In an increasingly challenging framework for champagne, with stiff competition from less complex and cheaper sparkling wines, some of the best Champagne houses have taken the bold step to invest in further increasing the already high quality of their wines.

Among these is the historic House Lanson, the flagship of Lanson-BCC Group (LAN:EN Paris) who has recently invested EURO 14 million to upgrade its production chain.

The investment is mainly aimed at modernising the production chain, the construction of a new stocking hall, the modernisation of the cuverie and the addition of 23 oak casks for a state of the art, thermo and hydro regulated ageing cellar.

By individually vinifyng and ageing its best crus and reserve wines, Lanson is able to better extract the uniqueness of crus and parcels, for more sophisticated and complex assemblages.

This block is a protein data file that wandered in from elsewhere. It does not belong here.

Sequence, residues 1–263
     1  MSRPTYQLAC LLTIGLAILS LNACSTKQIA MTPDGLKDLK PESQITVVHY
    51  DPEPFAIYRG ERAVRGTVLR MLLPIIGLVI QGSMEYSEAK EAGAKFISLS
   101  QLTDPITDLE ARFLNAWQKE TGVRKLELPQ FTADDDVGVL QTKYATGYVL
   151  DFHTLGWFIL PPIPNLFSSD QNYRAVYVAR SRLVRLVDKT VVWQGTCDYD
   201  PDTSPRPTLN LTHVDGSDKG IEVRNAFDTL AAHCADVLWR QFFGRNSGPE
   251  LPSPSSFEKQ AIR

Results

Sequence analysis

The use of oak is not intended to add any wood aromas to champagnes but to increase complexity, Hervé Dantan, the news Chef de Caves and Œnologue at Lanson explains “The objectif is not to give a oaky taste to our wines, but to benefit from the micro-oxygénation that wood allows [and for] assemblages to be more precise and complex.”

50 oak barrels have also being added for the ageing of Clos Lanson vintage cuvée, expected to be released in 2015 (2006 vintage).

In 2015 Lanson also expects to launch a revised flagship Black Label non-vintage cuvée that will include reserves wines as old as 10 years and more than 100 crus, together with a new habillage.

Lanson is one of the few Champagne Houses not to use malolactic fermentation during its wine-making process, resulting in crisper and fresher champagnes.

Follow the link to learn more about Lanson style, history and champagnes: